Ottawa ankle rules
In medicine, the Ottawa ankle rules are a set of guidelines for clinicians to help decide if a patient with foot or ankle pain should be offered X-rays to diagnose a possible bone fracture. Before the introduction of the rules most patients with ankle injuries would have been imaged. However the vast majority of patients with unclear ankle injuries do not have bone fractures. As a result, many unnecessary X-rays were taken, which was costly, time-consuming and a slight health risk due to radiation exposure.
The Ottawa ankle rules
Ankle X-ray is only required if:
- There is any pain in the malleolar zone; and,
- Any one of the following:
- Bone tenderness along the distal 6 cm of the posterior edge of the tibia or tip of the medial malleolus, OR
- Bone tenderness along the distal 6 cm of the posterior edge of the fibula or tip of the lateral malleolus, OR
- An inability to bear weight both immediately and in the emergency department for four steps.
Foot X-ray series
Additionally, the Ottawa ankle rules indicate whether a foot X-ray series is required. It states that it is indicated if:
- There is any pain in the midfoot zone; and,
- Any one of the following:
Certain groups are excluded, in particular pregnant women, and those with diminished ability to follow the test (for example due to head injury or intoxication). Several studies strongly support the use of the Ottawa Ankle Rules in children over 6 (98.5% sensitivity); however, their usefulness in younger children has not yet been thoroughly examined.
The rules have been found to have a very high sensitivity, moderate specificity, and therefore a very low rate of false negatives. Evidence supports the rules as an accurate instrument for excluding fractures of the ankle and mid-foot, reducing the number of unnecessary investigations and length of stay in emergency departments.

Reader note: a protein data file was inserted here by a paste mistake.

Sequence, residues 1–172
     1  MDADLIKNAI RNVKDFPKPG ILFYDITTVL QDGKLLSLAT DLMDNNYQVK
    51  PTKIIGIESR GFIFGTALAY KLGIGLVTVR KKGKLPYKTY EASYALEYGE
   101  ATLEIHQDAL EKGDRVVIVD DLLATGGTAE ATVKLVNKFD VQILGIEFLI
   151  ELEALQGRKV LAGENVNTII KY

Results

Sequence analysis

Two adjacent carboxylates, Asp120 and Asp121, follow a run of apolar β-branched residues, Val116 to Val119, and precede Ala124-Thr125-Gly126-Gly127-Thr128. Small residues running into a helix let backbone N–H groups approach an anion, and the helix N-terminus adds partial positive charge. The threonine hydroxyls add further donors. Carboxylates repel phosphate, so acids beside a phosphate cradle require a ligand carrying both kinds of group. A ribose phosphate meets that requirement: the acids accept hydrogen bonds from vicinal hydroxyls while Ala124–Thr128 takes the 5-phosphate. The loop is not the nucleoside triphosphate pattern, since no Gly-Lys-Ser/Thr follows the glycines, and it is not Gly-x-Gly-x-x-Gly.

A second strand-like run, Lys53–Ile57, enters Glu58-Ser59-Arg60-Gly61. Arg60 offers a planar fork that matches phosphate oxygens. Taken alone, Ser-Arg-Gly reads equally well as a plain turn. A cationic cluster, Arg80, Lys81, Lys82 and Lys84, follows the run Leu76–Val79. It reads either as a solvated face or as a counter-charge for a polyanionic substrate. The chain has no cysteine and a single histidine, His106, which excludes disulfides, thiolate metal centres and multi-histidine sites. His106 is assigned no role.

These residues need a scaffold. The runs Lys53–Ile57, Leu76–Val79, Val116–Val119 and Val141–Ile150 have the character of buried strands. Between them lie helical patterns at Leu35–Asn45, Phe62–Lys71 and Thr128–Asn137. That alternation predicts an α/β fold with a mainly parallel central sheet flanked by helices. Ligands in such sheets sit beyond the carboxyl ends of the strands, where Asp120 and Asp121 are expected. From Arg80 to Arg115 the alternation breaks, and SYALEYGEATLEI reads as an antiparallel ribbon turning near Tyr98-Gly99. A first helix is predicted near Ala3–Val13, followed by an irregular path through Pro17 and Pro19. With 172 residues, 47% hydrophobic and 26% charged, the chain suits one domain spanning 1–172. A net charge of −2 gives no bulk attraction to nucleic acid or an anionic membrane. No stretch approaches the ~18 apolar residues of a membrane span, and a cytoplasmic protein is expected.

The original study reported that the test was 100% sensitive and reduced the number of ankle X-rays by 36%. A second trial with a larger number of patients replicated these findings. Subsequently, a multi-centre study explored the feasibility of implementing the rules on a wider scale. Unfortunately, teaching the rules to patients does not appear to help reduce presentation to hospital.
This list of rules was published in 1992 by a team of doctors in the emergency department of the Ottawa Civic Hospital in Ottawa, Canada. Since the rules were formulated in Ottawa they were dubbed the Ottawa ankle rules by their creators a few years after their development, a title that has stuck. In this respect, the naming of the rules is similar to that of the Bristol stool scale or the Glasgow Coma Scale (GCS), which also take their names from the cities in which they were formulated.
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